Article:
The influence of the reduced contrast sensitivity at low optical densities can be seen on the noise level, which increases with the wall thickness. The same highly linear relationship as shown for X-ray penetration can be obtained for Ir192 or Co60 at higher wall thickness and with a lower contrast sensitivity .
The same approach can be used for flat panel detectors or CR with IP's. Here the gray level in the image depend on the characteristics of the Analogue to Digital Converter (ADC) used in the IP reader. Typical characteristic transfer functions are linear, square root or logarithmic. The photo stimulated luminescence signal generated by the IP is proportional over several decades to the radiation dose exposed. By a 16 bit LUT the characteristics of the ADC can be corrected and a digital image generated, where the digital value is directly proportional to the penetrated wall thickness. This is shown in fig. 8 for a test pipe penetrated with Ir 192 and the AGFA DPS prototype CR system. A linear relationship of 20 mm is obtained.
|Fig 8: Test pipe (wall thickness given down left) image (CR system, Ir 192) and profile plot after LUT correction of the ADC response and exponential correction of the absorption law resulting in digital values proportional to the penetrated wall thickness|
3.3 Practical Applications
Practical applications of the presented algorithm have been done on corrosion monitoring in pipe systems of power plants. These examples were obtained from a reducing pipe fitting after an valve on a condensation trap. Corrosion damage was expected prior to the stop valve, but actual it was found after the valve in the reducing pipe fitting.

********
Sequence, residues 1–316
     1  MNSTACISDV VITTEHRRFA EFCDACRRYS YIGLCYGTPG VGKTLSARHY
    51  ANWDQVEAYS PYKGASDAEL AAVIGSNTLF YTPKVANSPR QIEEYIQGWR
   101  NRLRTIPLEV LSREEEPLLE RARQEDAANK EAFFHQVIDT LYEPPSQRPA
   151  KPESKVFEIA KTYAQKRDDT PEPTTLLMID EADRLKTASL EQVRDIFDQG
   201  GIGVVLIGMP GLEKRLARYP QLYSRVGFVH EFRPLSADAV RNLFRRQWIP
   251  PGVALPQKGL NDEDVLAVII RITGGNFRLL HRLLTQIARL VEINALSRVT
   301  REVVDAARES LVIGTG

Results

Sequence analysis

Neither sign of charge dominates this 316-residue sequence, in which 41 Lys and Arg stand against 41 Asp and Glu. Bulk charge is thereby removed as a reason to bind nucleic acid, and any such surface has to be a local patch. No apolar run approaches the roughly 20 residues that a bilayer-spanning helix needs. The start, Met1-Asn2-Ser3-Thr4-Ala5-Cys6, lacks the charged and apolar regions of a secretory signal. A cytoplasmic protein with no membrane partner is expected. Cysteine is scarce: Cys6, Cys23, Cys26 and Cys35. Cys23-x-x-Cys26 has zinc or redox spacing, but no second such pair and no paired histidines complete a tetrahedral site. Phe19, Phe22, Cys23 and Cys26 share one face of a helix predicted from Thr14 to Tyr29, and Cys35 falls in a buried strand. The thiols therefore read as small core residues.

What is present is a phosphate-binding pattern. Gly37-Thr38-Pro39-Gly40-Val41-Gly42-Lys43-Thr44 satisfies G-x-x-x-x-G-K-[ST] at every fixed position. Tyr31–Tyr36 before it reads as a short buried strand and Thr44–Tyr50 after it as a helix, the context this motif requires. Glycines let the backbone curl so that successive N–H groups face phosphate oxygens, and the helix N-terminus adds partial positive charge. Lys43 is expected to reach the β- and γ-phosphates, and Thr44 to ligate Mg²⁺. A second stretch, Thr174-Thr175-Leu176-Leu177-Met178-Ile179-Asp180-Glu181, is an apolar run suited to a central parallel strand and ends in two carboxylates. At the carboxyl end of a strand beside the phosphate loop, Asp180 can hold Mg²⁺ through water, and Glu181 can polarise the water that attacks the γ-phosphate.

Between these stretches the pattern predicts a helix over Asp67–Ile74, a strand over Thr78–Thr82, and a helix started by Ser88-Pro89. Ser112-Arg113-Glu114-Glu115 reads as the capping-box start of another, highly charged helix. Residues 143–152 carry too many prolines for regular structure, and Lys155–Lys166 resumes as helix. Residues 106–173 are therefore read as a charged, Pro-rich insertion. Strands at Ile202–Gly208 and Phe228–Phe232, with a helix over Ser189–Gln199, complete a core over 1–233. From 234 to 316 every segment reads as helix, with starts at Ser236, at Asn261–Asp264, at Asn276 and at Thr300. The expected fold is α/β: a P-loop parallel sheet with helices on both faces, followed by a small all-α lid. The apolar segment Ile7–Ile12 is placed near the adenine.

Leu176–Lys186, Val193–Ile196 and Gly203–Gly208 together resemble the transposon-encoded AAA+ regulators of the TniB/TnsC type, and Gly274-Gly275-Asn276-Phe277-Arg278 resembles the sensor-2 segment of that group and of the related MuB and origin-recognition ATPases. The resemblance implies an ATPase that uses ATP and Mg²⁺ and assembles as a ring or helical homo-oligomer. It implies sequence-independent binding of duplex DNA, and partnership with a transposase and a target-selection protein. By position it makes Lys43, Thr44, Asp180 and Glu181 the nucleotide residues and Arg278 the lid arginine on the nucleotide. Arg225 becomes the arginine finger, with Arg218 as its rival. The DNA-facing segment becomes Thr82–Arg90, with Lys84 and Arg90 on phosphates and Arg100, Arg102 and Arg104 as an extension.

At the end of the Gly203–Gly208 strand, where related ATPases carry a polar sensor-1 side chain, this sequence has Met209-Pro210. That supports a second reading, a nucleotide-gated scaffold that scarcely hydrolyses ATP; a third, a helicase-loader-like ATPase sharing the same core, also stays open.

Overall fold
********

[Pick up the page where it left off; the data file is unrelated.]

In fig. 9 local corrosion by erosion is shown in a pipe with a bore of 100 mm behind a welding. In this case only the nominal wall thickness of the pipe is known (6.3 mm). To calibrate the obtained density changes into wall thickness changes a step wedge exposure with a nominal wall thickness of 13 mm (double wall penetration in the pipe exposure) and the same source / film system combination was used. From this a µeff = 1.30 1/cm can be expected which is used for the wall thickness estimation of the pipe image according to equation (7).
The minimum wall thickness found with a manual ultrasonic wall thickness meter was 4.0 mm (»2.3 mm wall thickness loss). This is in good accordance to the estimated wall thickness loss by radiography, which shows for small spots even a higher loss up to 2.8 mm. The accuracy for these measurements is about 0.2 mm.
|Fig 9: Corrosion inside a pipe (bore 100 mm, wall thickness 6.3 mm), projection technique at 160 kV (double wall penetration), profile plot with calibrated wall thickness loss|